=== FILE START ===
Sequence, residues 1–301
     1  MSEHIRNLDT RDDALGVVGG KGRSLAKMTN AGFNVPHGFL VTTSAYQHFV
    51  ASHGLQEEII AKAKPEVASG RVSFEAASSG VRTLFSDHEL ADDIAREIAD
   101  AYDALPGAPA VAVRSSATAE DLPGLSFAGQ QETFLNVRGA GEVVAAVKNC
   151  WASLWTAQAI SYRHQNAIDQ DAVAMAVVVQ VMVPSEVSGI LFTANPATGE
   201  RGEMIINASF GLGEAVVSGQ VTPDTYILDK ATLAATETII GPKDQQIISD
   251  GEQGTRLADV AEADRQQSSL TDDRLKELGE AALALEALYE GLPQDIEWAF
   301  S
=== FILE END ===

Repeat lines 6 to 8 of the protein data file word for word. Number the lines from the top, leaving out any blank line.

   201  RGEMIINASF GLGEAVVSGQ VTPDTYILDK ATLAATETII GPKDQQIISD
   251  GEQGTRLADV AEADRQQSSL TDDRLKELGE AALALEALYE GLPQDIEWAF
   301  S